Day 7- toast

The day began with sticky banana, french toast and curry. It was nothing but colourful. I also answered the waiter with’pardon’ five times, before we both agreed it was better that we didn’t try to understand what each other were saying.

We had a long journey today, four hours in our wacky races style bus. The key to travelling on roads in India is not to look.

We stopped at a roadside hamlet, with just a small snack shop. Amazingly, the women on the bus managed to find a saree shop, and spent a short while buying yet more things to make their kitbags swell. We also briefly toured a rubber plantation, stepping over a familiar type of poop.

Today we would be getting onto the houseboat. I have done this before, so I could feel very cocky about it. We were split into two groups, the ones that liked beer and the ones that did not. Their sofas look better than ours, but they were jealous of our balcony, not realising it was just like a community centre up there.

At lunch, we chatted about Uganda and I made my mouth raw with lime pickle. I also tackled river fish for the first time. With a fork, not a net. We stopped at the town later, and I experimented with rose milk and bought more mix (Bombay mix). We also blanked any fellow Europeans en route.

Later on the boat, we pulled up alongside the drinking boat, and to our alarm every single women was dancing. It didn’t take Ruth long to get on the boat and do a Beyoncé, as her limbs went in all directions. I hit behind a pillar. Dancing is not my thing.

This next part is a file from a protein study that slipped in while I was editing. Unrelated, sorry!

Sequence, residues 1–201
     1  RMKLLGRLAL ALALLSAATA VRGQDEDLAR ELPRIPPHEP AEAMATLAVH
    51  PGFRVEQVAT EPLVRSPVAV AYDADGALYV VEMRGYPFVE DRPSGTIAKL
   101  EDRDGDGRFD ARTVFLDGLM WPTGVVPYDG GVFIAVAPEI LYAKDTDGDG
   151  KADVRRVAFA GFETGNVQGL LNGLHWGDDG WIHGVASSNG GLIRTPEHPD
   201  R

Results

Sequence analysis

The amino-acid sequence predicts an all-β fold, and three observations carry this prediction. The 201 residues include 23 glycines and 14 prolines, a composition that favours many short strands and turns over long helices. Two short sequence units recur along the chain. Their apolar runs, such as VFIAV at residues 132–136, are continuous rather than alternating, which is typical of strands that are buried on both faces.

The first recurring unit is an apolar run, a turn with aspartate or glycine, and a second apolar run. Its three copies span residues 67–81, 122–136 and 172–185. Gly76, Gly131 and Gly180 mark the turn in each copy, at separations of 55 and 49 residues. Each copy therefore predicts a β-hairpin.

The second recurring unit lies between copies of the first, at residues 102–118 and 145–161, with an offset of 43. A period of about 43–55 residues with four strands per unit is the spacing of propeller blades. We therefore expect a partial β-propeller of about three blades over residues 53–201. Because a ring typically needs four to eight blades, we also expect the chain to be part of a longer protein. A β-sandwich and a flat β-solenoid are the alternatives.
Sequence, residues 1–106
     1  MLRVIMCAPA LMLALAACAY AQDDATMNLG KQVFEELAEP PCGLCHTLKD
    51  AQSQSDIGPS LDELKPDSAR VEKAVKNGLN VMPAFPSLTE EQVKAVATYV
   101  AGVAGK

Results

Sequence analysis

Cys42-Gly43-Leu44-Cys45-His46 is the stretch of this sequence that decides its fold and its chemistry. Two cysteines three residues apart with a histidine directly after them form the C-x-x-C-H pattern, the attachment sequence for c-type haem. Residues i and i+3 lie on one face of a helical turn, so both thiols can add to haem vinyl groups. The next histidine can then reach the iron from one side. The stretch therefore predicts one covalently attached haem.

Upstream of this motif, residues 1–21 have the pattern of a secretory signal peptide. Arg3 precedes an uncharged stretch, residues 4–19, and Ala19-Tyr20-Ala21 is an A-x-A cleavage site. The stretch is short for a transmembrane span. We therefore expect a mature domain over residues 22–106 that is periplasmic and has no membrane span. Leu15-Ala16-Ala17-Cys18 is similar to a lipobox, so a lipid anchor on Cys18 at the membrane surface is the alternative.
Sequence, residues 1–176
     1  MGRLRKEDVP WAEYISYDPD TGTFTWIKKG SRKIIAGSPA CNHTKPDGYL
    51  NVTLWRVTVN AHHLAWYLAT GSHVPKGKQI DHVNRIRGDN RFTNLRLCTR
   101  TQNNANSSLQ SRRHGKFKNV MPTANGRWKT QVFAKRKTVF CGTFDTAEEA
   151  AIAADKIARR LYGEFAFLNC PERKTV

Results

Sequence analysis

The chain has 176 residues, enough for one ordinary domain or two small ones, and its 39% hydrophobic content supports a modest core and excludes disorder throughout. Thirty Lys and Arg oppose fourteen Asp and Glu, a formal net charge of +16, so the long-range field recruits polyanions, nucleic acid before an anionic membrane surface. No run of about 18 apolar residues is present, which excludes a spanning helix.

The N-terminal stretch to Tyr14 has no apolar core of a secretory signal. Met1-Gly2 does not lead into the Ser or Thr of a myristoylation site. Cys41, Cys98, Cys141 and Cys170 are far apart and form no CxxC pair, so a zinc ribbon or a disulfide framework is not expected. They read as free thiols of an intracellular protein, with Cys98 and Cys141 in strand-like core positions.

I then alighted the boat for a beard trim, in an Indian barbershop. Some people though I was taking my life into my own hands. But I was happy with the finished result, regardless of the moustache he left. Are moustaches sacred in India?

Day 8- tropics

This was our last day, so we had breakfast on the houseboat, marvelled at more of the wildlife and I took some smart time-lapse video.

We were then in the bus again, but soon stopped in a small town where we were allowed to go rogue. Rather get dragged into another saree shop, I split from the women, and went to find onion bhajis. I also chatted to many of the stallholders about their spices, learning nothing.

Once we arrived at the hotel, we realised it was nigh on in paradise. It’s easy to drop the ball in these places, and brush your teeth with the tap water, but you must still be careful. I had a hammock in my mini garden, and I sit here writing the blog now whilst I contemplate getting tangled up in it.

It was the evening for our celebration meal. I pulled out all the stops and made my hair very greasy and black, and wore a dhoti, and Indian men’s skirt. I needed help to put this on, and it fell off by the time I got back to my room in the evening.

It was a fantastic evening, and I got the award for being amazing, or I might have made that part up! This had been a brilliant trip, with much camaraderie, despite the lack of testosterone!!

More pictures and anecdotes are sure to follow!

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